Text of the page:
How to eat Indian street food safely

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Tucking into street food is one of the joys of travelling in India – here are some tips to help avoid tummy troubles.

1. Give yourself a few days to adjust to the local cuisine, especially if you’re not used to spicy food.

'colors - indian street vendor' by utpal. CC BY 2.0'colors - indian street vendor' by utpal. CC BY 2.0

2. You know the rule about following a crowd – if the locals are avoiding a particular vendor, you should too. Also take notice of the profile of the customers – any place popular with families will probably be your safest bet.

'samosas, pakoras' by sakura. CC BY 2.0 'samosas, pakoras' by sakura. CC BY 2.0

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3. Check how and where the vendor is cleaning the utensils, and how and where the food is covered. If the vendor is cooking in oil, have a peek to check it’s clean. If the pots or surfaces are dirty, there are food scraps about or too many buzzing flies, don’t be shy to make a hasty retreat.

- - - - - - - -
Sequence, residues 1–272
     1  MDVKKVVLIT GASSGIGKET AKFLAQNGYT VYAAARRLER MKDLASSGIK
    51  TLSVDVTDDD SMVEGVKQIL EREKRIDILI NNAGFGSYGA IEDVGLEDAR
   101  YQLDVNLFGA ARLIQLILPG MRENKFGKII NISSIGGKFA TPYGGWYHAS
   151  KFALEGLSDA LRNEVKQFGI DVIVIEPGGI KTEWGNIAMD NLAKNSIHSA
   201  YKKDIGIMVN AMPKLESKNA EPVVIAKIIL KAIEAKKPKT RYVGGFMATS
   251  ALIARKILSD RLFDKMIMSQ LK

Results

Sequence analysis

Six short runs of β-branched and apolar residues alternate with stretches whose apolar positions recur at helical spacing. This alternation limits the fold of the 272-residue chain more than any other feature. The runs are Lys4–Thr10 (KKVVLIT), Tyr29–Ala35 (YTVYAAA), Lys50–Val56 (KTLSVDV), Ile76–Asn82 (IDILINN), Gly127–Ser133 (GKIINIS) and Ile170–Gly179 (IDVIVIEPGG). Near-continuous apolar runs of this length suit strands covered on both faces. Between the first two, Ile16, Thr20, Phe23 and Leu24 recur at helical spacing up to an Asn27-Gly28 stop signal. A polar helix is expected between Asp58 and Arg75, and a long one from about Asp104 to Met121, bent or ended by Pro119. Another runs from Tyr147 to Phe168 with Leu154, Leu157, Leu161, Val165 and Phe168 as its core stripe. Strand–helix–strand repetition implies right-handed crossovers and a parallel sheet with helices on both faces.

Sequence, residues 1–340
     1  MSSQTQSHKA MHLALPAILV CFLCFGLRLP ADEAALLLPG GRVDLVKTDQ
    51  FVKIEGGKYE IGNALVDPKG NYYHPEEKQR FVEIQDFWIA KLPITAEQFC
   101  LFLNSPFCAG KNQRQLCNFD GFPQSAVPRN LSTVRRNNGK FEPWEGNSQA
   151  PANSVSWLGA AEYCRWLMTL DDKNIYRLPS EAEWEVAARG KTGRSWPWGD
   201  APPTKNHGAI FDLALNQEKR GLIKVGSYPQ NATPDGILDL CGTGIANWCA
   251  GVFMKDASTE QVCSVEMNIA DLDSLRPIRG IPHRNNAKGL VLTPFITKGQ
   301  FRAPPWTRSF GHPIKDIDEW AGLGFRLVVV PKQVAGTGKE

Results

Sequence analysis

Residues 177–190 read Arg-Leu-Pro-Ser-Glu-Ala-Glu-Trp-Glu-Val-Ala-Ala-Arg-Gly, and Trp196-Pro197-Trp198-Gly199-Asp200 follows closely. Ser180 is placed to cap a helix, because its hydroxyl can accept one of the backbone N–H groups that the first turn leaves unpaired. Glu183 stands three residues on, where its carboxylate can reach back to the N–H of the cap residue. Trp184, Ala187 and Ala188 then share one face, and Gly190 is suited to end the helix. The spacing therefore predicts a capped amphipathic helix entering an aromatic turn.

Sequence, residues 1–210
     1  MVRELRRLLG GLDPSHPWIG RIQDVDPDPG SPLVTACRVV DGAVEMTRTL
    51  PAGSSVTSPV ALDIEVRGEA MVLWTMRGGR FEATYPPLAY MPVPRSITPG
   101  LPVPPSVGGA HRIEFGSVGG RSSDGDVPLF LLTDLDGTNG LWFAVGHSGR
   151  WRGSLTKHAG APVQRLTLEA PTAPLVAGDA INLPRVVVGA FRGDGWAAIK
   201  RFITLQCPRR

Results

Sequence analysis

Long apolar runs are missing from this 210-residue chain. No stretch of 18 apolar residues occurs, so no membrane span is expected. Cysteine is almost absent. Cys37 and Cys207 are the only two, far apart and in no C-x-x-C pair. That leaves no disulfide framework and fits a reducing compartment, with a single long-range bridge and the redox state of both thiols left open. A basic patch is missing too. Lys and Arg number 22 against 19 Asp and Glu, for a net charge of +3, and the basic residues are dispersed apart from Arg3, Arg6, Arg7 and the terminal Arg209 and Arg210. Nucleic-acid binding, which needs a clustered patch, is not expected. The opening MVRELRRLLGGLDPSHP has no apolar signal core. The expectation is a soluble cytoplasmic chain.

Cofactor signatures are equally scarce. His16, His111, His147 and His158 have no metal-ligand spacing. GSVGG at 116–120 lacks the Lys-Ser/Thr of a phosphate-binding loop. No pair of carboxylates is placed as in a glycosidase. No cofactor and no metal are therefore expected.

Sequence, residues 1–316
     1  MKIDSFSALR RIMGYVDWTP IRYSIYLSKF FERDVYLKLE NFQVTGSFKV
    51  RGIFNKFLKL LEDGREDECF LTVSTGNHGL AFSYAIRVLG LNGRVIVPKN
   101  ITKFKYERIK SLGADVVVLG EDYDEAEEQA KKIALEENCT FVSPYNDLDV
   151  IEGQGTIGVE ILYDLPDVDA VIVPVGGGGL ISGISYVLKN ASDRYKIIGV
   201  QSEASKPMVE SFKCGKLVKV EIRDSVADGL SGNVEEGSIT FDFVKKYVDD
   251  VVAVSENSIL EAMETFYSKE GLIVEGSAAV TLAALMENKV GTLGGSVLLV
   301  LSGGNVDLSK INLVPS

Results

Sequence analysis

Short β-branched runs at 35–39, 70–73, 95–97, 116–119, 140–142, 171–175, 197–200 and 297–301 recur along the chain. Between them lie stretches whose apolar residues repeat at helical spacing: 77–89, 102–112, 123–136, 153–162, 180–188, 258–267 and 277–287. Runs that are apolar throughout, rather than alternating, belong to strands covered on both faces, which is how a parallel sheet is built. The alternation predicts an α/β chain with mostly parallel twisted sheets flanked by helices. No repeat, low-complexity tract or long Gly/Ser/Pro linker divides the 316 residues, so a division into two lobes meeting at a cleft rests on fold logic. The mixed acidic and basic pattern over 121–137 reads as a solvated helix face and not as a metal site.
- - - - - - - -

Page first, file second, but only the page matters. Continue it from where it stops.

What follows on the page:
'food in india' by loic-schule. CC BY-SA 2.0'food in india' by loic.schule. CC BY-SA 2.0

4. Don’t be put off when you order some deep-fried snack and the cook throws it back into the wok. It’s common practice to partly cook the snacks first and then finish them off once they’ve been ordered. In fact, frying them hot again will kill any germs.

'street food' by irumge. CC BY 2.0'street food' by irumge. CC BY 2.0

5. Unless a place is reputable (and busy), it’s best to avoid eating meat from the street.

Image by Benjamin Vander Steen. CC BY 2.0Image by Benjamin Vander Steen. CC BY 2.0

6. The hygiene standard at juice stalls is wildly variable, so exercise caution. Have the vendor press the juice in front of you and steer clear of anything stored in a jug or served in a glass (unless you’re absolutely convinced of the washing standards).

'Some spicy tangy aam panna' by Satish Krishnamurthy. CC BY 2.0'Some spicy tangy aam panna' by Satish Krishnamurthy. CC BY 2.0

7. Don’t be tempted by glistening pre-sliced melon and other fruit, which may keep its luscious veneer with the regular dousing of (often dubious) water.

'Water Melon Juice' by tpms5. CC BY-ND 2.0'Water Melon Juice' by tpms5. CC BY-ND 2.0

This article was first published in October 2010 and was republished in January 2013.